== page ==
“… Cravens studied the drift to civil war, focusing on how the sectional divisions became irresolvable in the democratic process… an urge to fight inequality of opportunity and distribution of wealth that eventually became an attack on the greatest violation of democratic ideals, slavery.” (Harold Rich)
Craven was a respected historian of his day, one of the "revisionist" school developing in the 1930s as a reaction to the earlier Charles Beard school. He was born in Iowa in 1885, the child of Quakers who had left North Carolina over slavery issues. Because he concentrated on a different view that blamed the war on a climate of fear and suspicion, and was very critical of the Abolitionists, he is thought of as pro-South and even pro-slavery. Some think of his approach to history as too psychological.
 

ebg12

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An actual quote from Governor Hicks appears in the 30 April 1861 edition of the Baltimore Sun and reads:
"To all my requests I could but get but the reply: that Washington was threatened with attack - that the government had resolved to defend it - that there was no other way of obtaining troops than by passing over the soil of Maryland - and that the military necessity of the case rendered it impossible for the government to abandon its plans, much as it desired to avoid the dangers of collision."​
A clipping of part of the article containing the quote is attached.

View attachment 303125
Also, to paraphrase a letter Lincoln wrote: "Because the troops can't go under or over or around Maryland, they have to go through it..., so if the Baltimore people don't want any bloodshed then they should stay home and refrain from attacking federal troops because the troops will defend themselves."

I will find the letter in my book Lincoln and will post it when I get the chance.
 

WJC

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Let me show you a problem with your theory, here is a map of the entire Confederacy

View attachment 303163

As you can see, the Confederacy involves a large number of states beyond Mississippi.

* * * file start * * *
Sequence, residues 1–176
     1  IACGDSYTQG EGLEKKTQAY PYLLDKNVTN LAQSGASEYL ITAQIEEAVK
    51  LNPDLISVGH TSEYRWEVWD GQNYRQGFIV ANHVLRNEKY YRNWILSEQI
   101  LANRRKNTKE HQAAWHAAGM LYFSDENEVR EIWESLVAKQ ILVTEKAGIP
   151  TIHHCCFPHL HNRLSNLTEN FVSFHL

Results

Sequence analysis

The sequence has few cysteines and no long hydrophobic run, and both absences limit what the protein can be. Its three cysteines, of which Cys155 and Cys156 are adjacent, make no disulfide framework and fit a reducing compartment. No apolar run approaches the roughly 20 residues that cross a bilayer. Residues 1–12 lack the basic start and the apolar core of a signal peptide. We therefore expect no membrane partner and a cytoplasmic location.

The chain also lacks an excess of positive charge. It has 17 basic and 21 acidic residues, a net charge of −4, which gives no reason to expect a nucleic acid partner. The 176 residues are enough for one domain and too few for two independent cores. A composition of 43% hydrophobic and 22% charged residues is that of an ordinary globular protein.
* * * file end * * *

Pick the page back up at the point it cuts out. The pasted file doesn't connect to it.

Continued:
Thanks for your response.
I furnished information on Mississippi as ONE EXAMPLE, not intended to exemplify every one of the seceding state's rationales. If one is interested, those documents are available elsewhere on the internet. That they differ ought not be a surprise.
To repeat, "I don't think it of any value to repeat all of the discussions or present all of the evidence that has been presented in other threads that supports this conclusion in this Forum."
Those discussions are readily available to interested parties who may want to join them. There is no point in repeating their content here.
 

WJC

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The most significant speeches of Jefferson Davis (Mississippi's primary representative) also do not support your evidence either.

“The declared purpose of the compact of Union from which we have withdrawn was "to establish justice, insure domestic tranquility, provide for the common defense, promote the general welfare, and secure the blessing of liberty to ourselves and our posterity;" and when, in the judgment of the sovereign States now composing this Confederacy, it had been perverted from the purposes for which it was ordained, and had ceased to answer the ends for which it was established, a peaceful appeal to the ballot-box declared that so far as they were concerned, the government created by that compact should cease to exist.”

Jefferson Davis, President of the Confederate States of America
February, 1861 Inaugural Speech